Have a topic idea for discussion at the next session? Drop us a line by adding a comment to this post or one of the syndicated copies, ping me in chat, or track me down on your platform and means of communication of choice.

Invite your friends, colleagues, and students

Know someone who would be interested in joining? Please forward this event, or one of the syndicated copies to them on your platform or modality of choice.

Featured image: Hard Drive Repair flickr photo by wwarby shared under a Creative Commons (BY) license

Making IndieWeb Friendly WordPress Themes: An IndieWebCamp Popup Session

The IndieWeb WordPress community could use some more theme options.

Let’s get together as a community and host a theme raising (a play on the idea of the old barn raising). We can all work/hack together to make some of the popular WordPress themes more IndieWeb friendly. We’ll discuss methods for adding the necessary Microformats and best ways to indieweb-ify a WordPress theme.

Either bring your own favorite theme or work from one on a list.

All levels are welcome!

Beginners and those without coding experience are welcome/encouraged to attend. We’ll try to help newcomers learn to begin tinkering with some WordPress theme code. If you don’t have a GitHub account yet, you might create one beforehand and we’ll show you how to use it for development, but even without it you can still do a lot with just a text editor.

Details

When: 2020-09-26 9:30 – 11:30 AM (Pacific) / 12:30 – 2:30 PM (Eastern)
Event page: https://events.indieweb.org/2020/09/making-indieweb-friendly-wordpress-themes-8fs9gAVX3OkV
hashtag: for social media and used to create an Etherpad for the session:
Etherpadhttps://etherpad.indieweb.org/WPandMicroformats for note taking during the session
Streaming video/audio platform: Zoom (link to come)
Demos: Yes – when we’re done, show off how well your new hacked theme works on your site.

RSVP

Newcomers can post a comment on this post below or reply yes via Twitter to https://twitter.com/ChrisAldrich/status/1300562134699393024. Or you can feel free to just show up on the morning of the event.

If you feel able, RSVP at Meetable or post an indie RSVP on your own website.

Prerequisites

Bring your own theme or a theme you’d like to make more IndieWeb friendly by adding Microformats v2 support. Ideas for possible themes can be found at https://indieweb.org/WordPress/Development#Themes

(Optional) Create a GitHub account which you can use/learn during the process. Those who don’t want a GitHub account can simply use their text editor of choice to modify the relevant theme files.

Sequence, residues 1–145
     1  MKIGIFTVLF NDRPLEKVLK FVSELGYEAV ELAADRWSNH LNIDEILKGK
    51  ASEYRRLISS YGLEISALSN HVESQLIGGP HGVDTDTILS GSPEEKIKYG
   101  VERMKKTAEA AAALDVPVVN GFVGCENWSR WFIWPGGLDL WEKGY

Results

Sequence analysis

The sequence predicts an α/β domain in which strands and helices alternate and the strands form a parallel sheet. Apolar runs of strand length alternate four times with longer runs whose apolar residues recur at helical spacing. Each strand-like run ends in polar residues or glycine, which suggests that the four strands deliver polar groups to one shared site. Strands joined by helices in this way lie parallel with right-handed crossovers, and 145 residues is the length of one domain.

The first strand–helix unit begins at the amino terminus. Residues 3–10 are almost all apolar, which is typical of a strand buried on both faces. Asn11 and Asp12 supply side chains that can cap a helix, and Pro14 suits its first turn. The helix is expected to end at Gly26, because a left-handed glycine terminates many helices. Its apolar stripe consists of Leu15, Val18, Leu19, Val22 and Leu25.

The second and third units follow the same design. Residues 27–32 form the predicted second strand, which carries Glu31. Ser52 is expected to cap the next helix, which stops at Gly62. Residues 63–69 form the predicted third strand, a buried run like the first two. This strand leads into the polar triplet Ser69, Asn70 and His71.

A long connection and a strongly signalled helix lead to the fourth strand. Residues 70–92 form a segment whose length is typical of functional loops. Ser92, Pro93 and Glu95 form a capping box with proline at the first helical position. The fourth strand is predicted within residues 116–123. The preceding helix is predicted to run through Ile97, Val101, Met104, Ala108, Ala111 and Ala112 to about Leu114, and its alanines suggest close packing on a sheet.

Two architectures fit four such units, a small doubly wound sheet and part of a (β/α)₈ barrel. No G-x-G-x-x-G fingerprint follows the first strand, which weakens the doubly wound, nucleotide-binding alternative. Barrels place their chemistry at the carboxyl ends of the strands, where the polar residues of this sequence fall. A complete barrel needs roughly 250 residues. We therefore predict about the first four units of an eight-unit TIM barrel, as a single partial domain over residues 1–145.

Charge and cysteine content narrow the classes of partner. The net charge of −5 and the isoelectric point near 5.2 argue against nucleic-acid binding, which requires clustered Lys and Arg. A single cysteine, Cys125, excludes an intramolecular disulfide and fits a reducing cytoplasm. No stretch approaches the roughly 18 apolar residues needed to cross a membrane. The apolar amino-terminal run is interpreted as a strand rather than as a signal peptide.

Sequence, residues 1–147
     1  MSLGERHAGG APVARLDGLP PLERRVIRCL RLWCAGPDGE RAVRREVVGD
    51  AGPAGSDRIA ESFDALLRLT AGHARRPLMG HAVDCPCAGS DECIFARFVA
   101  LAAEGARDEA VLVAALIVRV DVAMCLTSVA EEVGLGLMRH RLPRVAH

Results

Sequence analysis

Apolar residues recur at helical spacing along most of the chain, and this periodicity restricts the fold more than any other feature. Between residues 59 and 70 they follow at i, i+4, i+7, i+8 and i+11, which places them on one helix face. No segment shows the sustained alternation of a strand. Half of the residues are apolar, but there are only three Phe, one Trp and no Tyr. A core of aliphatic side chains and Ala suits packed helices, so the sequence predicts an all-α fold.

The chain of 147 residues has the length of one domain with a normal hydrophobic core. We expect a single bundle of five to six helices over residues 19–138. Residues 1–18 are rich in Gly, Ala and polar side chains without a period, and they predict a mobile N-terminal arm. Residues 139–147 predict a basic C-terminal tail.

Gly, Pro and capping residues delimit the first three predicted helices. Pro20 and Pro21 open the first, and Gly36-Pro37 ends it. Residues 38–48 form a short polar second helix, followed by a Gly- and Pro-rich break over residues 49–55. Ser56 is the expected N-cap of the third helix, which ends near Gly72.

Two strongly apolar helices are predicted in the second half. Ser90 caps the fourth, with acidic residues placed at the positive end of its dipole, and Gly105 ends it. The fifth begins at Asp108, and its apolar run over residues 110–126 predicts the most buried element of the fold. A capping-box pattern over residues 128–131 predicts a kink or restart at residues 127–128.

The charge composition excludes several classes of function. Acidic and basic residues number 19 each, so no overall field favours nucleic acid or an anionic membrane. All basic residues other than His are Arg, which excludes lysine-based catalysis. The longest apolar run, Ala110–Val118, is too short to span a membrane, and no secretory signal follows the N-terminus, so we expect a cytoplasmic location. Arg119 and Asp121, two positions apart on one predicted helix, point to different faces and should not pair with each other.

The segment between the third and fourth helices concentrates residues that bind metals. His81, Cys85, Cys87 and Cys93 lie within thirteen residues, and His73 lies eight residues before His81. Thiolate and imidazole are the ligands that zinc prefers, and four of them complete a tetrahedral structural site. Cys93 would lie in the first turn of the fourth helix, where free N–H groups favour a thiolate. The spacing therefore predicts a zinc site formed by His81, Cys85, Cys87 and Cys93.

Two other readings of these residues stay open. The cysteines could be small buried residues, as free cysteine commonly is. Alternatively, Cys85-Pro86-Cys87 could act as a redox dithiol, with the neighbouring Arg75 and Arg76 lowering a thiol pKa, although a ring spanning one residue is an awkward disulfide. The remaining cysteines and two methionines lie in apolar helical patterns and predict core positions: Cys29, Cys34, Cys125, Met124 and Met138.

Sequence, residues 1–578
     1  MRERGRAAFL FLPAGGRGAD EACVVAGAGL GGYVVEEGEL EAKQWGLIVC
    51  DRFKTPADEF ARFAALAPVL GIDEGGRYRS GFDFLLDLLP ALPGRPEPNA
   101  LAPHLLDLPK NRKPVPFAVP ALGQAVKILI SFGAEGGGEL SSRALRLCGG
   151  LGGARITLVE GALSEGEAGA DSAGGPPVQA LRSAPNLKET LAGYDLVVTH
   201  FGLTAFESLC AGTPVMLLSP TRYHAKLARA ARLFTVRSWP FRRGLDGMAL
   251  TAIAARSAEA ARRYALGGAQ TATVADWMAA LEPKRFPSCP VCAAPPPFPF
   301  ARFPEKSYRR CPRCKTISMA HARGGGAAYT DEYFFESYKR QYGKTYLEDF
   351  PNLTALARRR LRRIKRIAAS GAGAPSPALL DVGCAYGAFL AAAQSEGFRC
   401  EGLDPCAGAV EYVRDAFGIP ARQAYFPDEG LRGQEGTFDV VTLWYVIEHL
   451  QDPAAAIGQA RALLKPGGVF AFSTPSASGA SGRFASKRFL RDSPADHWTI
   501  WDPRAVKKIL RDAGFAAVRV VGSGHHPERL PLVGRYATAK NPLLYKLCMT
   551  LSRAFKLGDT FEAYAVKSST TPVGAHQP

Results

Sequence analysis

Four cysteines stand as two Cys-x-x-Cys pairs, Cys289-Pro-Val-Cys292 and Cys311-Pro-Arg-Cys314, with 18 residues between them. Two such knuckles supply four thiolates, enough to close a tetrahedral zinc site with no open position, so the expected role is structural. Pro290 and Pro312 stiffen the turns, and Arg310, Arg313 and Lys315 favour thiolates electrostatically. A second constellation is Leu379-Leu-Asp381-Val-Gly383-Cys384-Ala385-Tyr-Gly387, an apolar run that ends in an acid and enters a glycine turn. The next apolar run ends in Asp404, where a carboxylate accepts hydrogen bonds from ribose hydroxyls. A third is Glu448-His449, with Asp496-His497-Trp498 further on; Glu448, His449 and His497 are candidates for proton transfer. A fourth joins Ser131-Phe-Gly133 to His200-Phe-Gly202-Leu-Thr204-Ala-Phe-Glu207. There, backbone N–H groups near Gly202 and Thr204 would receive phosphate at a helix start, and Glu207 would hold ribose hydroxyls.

Volunteers

We’re always happy to have additional help! If you’d like to volunteer or help organize and run the session, please touch base with Chris Aldrich or David Shanske in the IndieWeb Meta chat room.

I look forward to seeing everyone there!

A note taking problem and a proposed solution

tl;dr

It’s too painful to quickly get frequent notes into note taking and related platforms. Hypothes.is has an open API and a great UI that can be leveraged to simplify note taking processes.

Note taking tools

I’ve been keeping notes in systems like OneNote and Evernote for ages, but for my memory-related research and work in combination with my commonplace book for the last year, I’ve been alternately using TiddlyWiki (with TiddlyBlink) and WordPress (it’s way more than a blog.)

I’ve also dabbled significantly enough with related systems like Roam Research, Obsidian, Org mode/Org Roam, MediaWiki, DocuWiki, and many others to know what I’m looking for.

Many of these, particularly those that can be used alternately as commonplace books and zettelkasten appeal to me greatly when they include the idea of backlinks. (I’ve been using Webmention to leverage that functionality in WordPress settings, and MediaWiki gives it grudgingly with the “what links to this page” basic functionality that can be leveraged into better transclusion if necessary.)

The major problem with most note taking tools

The final remaining problem I’ve found with almost all of these platforms is being able to quickly and easily get data into them so that I can work with or manipulate it. For me the worst part of note taking is the actual taking of notes. Once I’ve got them, I can do some generally useful things with them—it’s literally the physical method of getting data from a web page, book, or other platform into the actual digital notebook that is the most painful, mindless, and useless thing for me.